After a couple of recent months of some long days and late evenings, that space now looks more like we envisioned it two years ago.
The color is a mix of equal parts of Min-wax Jacobean, English Chestnut, and Ebony to match the pre-finished hardwood Mike will install throughout the rest of our main floor. The stairs and banister will be similar.
Despite successfully completing a similar project before, this adventure has taken more time and work than Mike and I anticipated. After we sanded (for real, WE--I don't do a ton on the projects these days, but I did that!), unfortunately the stain application went unexpectedly badly. Mike used mops for application, like we did in the past, but more stain remained than should have, it didn't dry well, and we agreed that it was time to start over. I was within the first days back to teaching and had no more time to give this project, so Mike was fully on his own with the sanding again (not that he needed me--I'm just a little bummed that my sanding has little to do now with the end result.) He then applied the stain by hand the second time, applied polyurethane with a roller, and finally achieved the intended result.
Or so we thought. I recently noticed that the white lines along the edges of the floor planks were not dust that could be cleaned. A little Googling revealed that we had WLS--white line syndrome. Apparently it's fairly common these days especially in darker floors, possibly caused by the removal of solvents from polyurethane (newer EPA regulations) and the stretching of polyurethane in humidity changes.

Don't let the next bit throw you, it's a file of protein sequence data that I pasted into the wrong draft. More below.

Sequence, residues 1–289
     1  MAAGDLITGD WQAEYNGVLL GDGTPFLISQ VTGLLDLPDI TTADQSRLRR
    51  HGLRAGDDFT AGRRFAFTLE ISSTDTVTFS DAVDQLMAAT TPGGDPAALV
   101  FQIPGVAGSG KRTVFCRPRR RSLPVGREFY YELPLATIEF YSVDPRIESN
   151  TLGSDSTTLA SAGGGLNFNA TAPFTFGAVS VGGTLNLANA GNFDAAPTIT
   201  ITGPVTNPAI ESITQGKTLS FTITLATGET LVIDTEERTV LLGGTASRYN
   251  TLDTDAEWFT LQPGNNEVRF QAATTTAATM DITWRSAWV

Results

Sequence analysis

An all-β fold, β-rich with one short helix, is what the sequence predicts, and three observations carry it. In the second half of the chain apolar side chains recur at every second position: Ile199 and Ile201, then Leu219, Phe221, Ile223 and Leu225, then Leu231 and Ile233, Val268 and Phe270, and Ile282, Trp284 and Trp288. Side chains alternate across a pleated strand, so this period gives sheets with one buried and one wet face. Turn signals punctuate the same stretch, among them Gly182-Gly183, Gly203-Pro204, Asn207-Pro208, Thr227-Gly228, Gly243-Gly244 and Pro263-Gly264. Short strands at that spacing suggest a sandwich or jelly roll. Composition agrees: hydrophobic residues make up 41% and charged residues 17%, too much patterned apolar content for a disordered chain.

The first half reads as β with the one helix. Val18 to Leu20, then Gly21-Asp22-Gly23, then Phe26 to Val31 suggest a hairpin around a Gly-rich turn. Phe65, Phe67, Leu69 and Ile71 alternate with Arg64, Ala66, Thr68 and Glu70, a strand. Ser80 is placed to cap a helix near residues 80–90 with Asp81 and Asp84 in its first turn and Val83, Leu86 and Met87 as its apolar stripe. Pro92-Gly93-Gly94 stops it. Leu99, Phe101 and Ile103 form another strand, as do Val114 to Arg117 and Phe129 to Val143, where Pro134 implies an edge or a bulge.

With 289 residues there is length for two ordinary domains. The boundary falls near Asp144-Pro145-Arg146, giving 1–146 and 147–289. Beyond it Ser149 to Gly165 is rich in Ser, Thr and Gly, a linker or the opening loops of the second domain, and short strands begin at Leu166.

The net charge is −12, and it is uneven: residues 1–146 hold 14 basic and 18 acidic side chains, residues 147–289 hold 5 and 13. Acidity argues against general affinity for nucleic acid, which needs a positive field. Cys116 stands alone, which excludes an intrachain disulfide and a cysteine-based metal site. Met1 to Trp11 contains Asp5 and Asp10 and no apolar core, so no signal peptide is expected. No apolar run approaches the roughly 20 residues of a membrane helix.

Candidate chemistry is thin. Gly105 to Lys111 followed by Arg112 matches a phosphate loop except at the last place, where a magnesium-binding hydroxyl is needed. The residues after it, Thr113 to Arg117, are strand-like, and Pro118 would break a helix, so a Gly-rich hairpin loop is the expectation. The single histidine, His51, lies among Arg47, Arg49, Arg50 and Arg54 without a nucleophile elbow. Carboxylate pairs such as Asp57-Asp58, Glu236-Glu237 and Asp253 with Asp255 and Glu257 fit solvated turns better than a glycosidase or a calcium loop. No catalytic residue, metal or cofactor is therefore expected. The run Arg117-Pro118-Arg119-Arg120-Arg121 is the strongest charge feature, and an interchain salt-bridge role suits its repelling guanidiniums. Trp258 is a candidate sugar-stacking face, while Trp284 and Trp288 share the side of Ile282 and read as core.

Advice we found online and at the hardware stores ranged from waiting it out to starting over again, none of which appealed to us.
My solution was to get coloring. Using a wood scratch pencil, I colored over the white lines and blended it with a cloth. That looked pretty good, but as you can see below, in certain light you could see a contrasting glare in the finish of the camouflaging.
I applied a wood floor cleaner (coincidentally bought years ago for the floor in our old house but hardly ever used) simply by spraying the floor lightly over a three-foot square at a time and mopping it with a clean microfiber dust mop.
The end result is not flawless, but we are satisfied.
To make way for Mike to begin installing the flooring on the rest of the main floor, yesterday the family room furniture landed in our dining room. I am loving the cozy space. That window is my favorite in the house, and it all fits so snugly.
That pleasant new arrangement will help me to remain patient about seeing the family room complete. Mike has already made good progress today, even with soccer practice, going out to lunch, getting groceries, and making dinner. Seriously, he had a hand in all of it. There was even a Lions game to yell at.
This morning we had carpet in our family room.
This afternoon we did not. The trim and mantel also got a fresh coat of lighter paint.
The lack of sub-floor was a bit of a surprise. Whether Mike will be installing one or gluing down the new floor will likely be determined tomorrow with a phone call to the floor distributor.
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